The Fresh Loaf

News & Information for Amateur Bakers and Artisan Bread Enthusiasts

Laurel's Kitchen Basic WW Hydration...again!

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VonildaBakesBread's picture
VonildaBakesBread

Laurel's Kitchen Basic WW Hydration...again!

I feel both excited and like an idiot.

It's been awhile since I posted, but I had been having trouble with Laurel's Kitchen Basic WW. It was just sloppy dough, more scooted around the counter than kneaded, and more scooped into a loaf pan than shaped. Prone to air pockets. Yummy, though.

For whatever unknown reason, this last weekend I poured part of the liquid in, stirred waited a minute and poured some more, until all of it was in the dough.

PERFECT! I could knead it, shape it, all that stuff.

And yummiest I've ever made, at least if you ask me. :)

Why did I change the way I put in the liquid this time? I dunno! I knew WW took awhile to absorb the liquid before. I just hadn't thought to apply that knowledge in this way. Oh well...

SUCCESS! 

Blessings,

Voni

tgrayson's picture
tgrayson

Try soaking overnight.

VonildaBakesBread's picture
VonildaBakesBread

That's an idea! I'll have to experiment. Thanks! I take it you simply put the dough in the fridge overnight and let it come to room temp before kneading, shaping, proofing and baking?

 

tgrayson's picture
tgrayson

You can certainly do that, but the normal technique is just to hydrate the WW and leave it on the counter. This softens the bran enough so that when you mix the dough the next day, it doesn't do as much damage to the gluten.

PMcCool's picture
PMcCool

Isn't it amazing how small adjustments can have such big effects?

Paul

VonildaBakesBread's picture
VonildaBakesBread

Such a small thing, Paul. Such a silly, small thing. Huge difference!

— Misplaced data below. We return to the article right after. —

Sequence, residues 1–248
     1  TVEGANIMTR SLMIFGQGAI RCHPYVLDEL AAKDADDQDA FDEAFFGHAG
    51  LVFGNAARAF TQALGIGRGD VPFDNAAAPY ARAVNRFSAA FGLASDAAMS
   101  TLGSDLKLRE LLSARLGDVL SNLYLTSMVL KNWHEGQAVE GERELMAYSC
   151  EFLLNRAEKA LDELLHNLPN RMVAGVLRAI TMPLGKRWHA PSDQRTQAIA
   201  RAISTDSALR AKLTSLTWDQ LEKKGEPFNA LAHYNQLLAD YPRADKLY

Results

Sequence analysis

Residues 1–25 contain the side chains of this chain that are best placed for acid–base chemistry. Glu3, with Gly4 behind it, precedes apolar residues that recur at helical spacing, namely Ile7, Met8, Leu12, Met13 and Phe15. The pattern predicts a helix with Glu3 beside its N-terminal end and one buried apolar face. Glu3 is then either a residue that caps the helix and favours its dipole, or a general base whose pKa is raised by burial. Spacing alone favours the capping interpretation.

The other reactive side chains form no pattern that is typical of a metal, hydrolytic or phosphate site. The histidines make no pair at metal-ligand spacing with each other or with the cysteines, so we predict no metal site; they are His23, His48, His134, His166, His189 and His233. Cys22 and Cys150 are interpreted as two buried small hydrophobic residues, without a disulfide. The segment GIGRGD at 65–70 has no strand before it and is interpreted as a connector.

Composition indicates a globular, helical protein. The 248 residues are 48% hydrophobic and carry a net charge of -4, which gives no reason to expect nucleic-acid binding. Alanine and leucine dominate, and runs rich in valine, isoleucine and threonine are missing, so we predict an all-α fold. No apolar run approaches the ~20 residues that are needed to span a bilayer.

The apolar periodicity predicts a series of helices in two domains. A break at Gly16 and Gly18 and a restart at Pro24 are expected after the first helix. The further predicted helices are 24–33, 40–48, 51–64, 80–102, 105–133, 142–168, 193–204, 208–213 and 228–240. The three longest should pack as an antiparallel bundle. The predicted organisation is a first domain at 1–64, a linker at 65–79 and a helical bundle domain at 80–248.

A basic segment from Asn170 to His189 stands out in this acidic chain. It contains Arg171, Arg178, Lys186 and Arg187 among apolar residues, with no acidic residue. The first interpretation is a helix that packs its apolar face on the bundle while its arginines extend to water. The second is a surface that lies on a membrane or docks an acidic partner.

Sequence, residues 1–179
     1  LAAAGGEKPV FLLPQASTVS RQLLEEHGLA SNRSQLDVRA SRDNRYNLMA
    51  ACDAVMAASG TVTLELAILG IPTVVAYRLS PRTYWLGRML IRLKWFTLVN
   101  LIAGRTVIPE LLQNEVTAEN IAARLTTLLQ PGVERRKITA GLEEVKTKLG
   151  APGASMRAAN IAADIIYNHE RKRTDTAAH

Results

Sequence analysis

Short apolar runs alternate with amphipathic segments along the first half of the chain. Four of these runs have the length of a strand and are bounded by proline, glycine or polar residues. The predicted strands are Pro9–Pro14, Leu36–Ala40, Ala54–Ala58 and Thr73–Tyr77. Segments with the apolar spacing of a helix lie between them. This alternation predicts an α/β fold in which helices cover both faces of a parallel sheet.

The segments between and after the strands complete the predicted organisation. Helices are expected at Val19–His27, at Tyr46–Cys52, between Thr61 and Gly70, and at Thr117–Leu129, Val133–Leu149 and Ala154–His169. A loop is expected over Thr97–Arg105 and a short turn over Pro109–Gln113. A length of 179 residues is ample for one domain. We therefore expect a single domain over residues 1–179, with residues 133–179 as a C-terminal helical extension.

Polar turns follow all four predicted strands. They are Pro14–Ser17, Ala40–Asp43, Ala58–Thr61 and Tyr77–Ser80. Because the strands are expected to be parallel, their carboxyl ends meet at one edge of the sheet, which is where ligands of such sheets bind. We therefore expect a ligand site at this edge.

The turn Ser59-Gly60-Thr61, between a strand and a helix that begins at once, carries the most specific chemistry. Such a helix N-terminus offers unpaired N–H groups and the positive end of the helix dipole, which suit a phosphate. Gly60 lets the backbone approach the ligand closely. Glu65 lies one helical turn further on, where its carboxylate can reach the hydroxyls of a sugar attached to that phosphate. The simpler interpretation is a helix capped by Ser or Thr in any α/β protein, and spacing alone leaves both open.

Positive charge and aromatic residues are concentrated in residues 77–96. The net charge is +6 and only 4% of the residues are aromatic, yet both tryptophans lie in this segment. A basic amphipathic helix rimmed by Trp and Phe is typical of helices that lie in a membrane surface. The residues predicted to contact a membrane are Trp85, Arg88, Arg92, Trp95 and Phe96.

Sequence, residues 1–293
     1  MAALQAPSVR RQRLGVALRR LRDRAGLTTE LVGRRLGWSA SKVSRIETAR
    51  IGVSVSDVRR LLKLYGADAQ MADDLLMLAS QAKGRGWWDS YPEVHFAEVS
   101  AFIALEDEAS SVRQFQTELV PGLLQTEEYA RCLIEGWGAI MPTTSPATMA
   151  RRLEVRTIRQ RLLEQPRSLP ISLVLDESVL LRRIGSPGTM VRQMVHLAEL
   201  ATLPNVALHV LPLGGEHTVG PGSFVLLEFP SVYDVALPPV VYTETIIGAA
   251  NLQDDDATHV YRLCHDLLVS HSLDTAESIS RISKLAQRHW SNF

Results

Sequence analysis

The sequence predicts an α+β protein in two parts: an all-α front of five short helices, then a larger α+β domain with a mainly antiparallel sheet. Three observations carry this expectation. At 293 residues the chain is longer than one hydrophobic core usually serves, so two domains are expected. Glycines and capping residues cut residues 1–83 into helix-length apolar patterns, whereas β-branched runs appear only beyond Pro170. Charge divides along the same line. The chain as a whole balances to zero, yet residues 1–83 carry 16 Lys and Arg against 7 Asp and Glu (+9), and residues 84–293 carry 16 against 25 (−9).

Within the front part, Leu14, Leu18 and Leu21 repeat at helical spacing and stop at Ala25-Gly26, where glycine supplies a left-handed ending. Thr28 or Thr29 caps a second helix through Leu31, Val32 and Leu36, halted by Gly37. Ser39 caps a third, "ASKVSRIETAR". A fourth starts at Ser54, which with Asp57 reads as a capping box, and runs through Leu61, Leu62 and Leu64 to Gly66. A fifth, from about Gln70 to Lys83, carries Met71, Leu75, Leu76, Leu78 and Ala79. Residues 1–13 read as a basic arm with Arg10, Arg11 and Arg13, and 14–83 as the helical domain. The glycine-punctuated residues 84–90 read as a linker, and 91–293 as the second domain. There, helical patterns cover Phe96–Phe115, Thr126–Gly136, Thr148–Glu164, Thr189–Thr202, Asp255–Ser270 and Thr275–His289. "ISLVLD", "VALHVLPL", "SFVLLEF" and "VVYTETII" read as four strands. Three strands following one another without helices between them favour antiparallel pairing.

Janetcook's picture
Janetcook

If you like baking with ww you might like to give Whole Grain Breads a go too.  Peter Reinhart's epoxy method really takes a 100% ww loaf up a notch.   I love Laurel's stuff too but now I bulk overnight soakings with all the breads of hers I bake.  Makes a big difference.

~Janet

VonildaBakesBread's picture
VonildaBakesBread

Wow, Janet. I got Reinhart's book for last Christmas but have been too intimidated to try it, especially when I couldn't even get a basic whole wheat recipe to work right. I'm going to have to re-read and give it a try. I needed your encouragement. Bulk overnight soakings? How does that work, if you don't mind sharing?

Janetcook's picture
Janetcook

I used to use Laurel's book when my children were young and I could never get my loaves to be anything but a brick.

When I found PR's book when I took up baking in ernest a couple of years ago it made a huge difference in all of my loaves.

The best I can recommend is start with his Master Loaf recipe.  It really is quite simple due to his step by step directions and it is a loaf that has always turned out great for me.

The overnight soaking are used for it and that is when I learned about them.  They are really pretty simple to do.  YOur just have to plan ahead a bit.

The evening before baking he instructs you to mix up a Biga (which is just flour, water and a touch of IY).  Once mixed it is placed in the refrig. for the night.  The 'technical' name for a Biga is a pre-ferment since it has IY in it so it begins to ferment a portion of your flour prior to be added to your final dough.  This adds more flavor plus added softness to the final loaf.

The Soaker is also mixed the evening before baking and that includes flour, water and a bit of salt.  It can be left out on your counter overnight. ( When it is hot I put mine in the cellar where it is cooler.)  A soaker allows gluten to begin to develop plus it softens the grains too.